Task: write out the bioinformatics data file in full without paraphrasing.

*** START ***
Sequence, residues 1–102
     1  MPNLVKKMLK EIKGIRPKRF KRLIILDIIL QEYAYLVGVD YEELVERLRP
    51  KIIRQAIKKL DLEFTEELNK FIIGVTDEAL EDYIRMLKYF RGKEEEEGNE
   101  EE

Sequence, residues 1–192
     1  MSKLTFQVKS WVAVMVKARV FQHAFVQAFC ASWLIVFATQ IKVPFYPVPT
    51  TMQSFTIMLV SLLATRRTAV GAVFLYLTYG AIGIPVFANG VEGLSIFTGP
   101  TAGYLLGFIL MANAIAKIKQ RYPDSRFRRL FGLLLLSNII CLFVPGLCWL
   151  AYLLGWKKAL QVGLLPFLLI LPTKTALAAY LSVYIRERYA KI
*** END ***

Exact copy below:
Sequence, residues 1–102
     1  MPNLVKKMLK EIKGIRPKRF KRLIILDIIL QEYAYLVGVD YEELVERLRP
    51  KIIRQAIKKL DLEFTEELNK FIIGVTDEAL EDYIRMLKYF RGKEEEEGNE
   101  EE

Sequence, residues 1–192
     1  MSKLTFQVKS WVAVMVKARV FQHAFVQAFC ASWLIVFATQ IKVPFYPVPT
    51  TMQSFTIMLV SLLATRRTAV GAVFLYLTYG AIGIPVFANG VEGLSIFTGP
   101  TAGYLLGFIL MANAIAKIKQ RYPDSRFRRL FGLLLLSNII CLFVPGLCWL
   151  AYLLGWKKAL QVGLLPFLLI LPTKTALAAY LSVYIRERYA KI